Saturday, March 17, 2007

there's no code of honor among the war-wimps

Ex-CIA agent blasts White House - The Boston Globe -- Gloria summed it up this morning as we were talking over this reprehensible betrayal of a government employee by her employers: They just have no sense of honor any more.

It seems to me that all of these present-day political operatives--the Rove- and Cheney-style war-wimps operating behind the scenes and away from the front lines, as they did during the Viet Nam conflict and continue to do today--had read The Art of War by Sun Tzu and forgotten the ethic, the code of honor, that made America as great as it has been. My biggest problem with Sun Tzu is his amorality: You do whatever you need to do to attain the objective. Remember that this book made him the darling of the investment bankers, especially the leveraged-buyout kings of the 1980s, who took apart the wealth of industrial-age corporations without regard to the moral and social ramifications.

Now, we have the war-wimps running their woosie games, ruining peoples' careers, endangering peoples' lives, and undermining the effectiveness of our government agencies (perhaps this will be an ancillary overall benefit to society, though, in the long run). The code of the American West has been sublimated to things Oriental; the code of the cowboy is supplanted by that of too-clever white-shoe boys riding side-saddle; as a people, we are losing the one thing that made us great, the fact that we were trustworthy.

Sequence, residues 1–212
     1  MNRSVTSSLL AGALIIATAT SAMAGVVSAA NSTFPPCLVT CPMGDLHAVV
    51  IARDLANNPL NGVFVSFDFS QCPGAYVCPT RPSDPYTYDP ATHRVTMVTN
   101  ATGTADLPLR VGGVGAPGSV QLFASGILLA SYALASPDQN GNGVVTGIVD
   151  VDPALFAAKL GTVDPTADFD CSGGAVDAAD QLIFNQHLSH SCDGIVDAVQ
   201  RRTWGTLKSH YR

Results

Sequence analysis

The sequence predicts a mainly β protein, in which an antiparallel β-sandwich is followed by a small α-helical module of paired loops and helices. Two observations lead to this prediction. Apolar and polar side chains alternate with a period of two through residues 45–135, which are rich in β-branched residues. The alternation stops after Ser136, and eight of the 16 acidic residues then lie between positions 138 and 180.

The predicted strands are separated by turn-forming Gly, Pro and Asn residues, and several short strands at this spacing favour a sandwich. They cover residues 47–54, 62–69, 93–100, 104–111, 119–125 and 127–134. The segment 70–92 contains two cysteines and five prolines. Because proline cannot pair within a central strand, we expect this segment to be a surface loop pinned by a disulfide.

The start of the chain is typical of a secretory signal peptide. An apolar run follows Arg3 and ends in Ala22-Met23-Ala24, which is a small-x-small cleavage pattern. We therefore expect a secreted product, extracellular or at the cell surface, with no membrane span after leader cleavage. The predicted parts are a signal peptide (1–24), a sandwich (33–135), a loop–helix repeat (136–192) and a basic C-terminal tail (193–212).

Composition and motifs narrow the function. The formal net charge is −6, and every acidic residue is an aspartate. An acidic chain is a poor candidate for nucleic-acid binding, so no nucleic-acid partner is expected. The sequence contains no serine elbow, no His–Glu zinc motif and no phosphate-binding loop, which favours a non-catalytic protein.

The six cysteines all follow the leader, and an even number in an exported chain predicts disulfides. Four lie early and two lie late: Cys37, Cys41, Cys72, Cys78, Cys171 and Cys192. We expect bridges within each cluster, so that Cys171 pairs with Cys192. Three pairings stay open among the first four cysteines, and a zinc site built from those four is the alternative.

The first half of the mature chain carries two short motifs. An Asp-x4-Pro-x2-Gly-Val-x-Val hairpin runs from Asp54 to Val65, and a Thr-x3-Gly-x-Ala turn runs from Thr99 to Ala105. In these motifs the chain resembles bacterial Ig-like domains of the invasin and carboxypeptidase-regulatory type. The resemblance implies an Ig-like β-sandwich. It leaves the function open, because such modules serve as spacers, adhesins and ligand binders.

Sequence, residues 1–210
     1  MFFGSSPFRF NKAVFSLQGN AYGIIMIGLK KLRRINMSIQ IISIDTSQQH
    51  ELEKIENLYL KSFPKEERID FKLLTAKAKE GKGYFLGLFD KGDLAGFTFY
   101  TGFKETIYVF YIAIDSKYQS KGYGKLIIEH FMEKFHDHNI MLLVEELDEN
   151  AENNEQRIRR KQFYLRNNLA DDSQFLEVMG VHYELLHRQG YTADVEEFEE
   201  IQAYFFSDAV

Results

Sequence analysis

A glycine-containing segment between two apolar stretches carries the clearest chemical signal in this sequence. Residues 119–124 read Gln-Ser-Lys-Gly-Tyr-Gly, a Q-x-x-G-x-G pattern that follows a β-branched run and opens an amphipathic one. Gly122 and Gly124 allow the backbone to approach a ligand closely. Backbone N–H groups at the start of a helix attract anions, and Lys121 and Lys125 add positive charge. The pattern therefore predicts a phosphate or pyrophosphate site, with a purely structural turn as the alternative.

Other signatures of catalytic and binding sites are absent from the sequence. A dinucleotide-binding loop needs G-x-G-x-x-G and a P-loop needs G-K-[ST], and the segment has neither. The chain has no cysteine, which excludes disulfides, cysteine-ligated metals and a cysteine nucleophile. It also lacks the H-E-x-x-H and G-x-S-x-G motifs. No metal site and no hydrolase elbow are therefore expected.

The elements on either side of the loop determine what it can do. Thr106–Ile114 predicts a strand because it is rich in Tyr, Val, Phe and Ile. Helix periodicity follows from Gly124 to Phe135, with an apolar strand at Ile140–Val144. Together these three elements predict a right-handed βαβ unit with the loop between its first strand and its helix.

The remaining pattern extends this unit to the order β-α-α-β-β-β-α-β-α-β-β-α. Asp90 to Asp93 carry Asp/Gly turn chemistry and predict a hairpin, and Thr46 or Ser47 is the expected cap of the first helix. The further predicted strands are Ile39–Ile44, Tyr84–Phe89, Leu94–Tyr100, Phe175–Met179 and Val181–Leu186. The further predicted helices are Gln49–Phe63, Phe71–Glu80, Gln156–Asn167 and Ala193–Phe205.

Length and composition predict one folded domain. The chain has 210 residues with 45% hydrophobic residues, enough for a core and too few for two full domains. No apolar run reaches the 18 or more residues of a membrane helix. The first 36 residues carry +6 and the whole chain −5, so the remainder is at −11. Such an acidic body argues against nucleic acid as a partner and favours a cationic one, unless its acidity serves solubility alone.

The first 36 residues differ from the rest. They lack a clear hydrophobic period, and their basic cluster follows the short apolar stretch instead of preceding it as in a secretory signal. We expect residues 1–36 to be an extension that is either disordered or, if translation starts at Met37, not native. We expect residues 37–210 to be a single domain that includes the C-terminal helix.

Here's an excerpt of the GLOBE article:

By Susan Milligan, Globe Staff March 17, 2007
WASHINGTON -- Former covert CIA operative Valerie Plame Wilson yesterday publicly accused the White House of destroying her career for political purposes, telling a congressional committee her identity was "carelessly and recklessly abused" by officials who revealed her name to the media.

In dramatic and unusually public fashion, the former undercover spy went before a blaze of camera lights, discussing her ordeal before a hushed, packed committee room. Speaking calmly but with an undercurrent of anger, Plame Wilson described how her "outing" not only derailed her career path in intelligence, but jeopardized the lives of her former contacts as well as future recruitment by the CIA.

Plame Wilson's appearance before the House Committee on Government Oversight and Reform ended 3 1/2 years of silence over an episode that began when syndicated conservative columnist Robert Novak identified her as a CIA operative in his column and ended with last week's conviction of a top White House aide who was charged with lying to a grand jury investigating the matter

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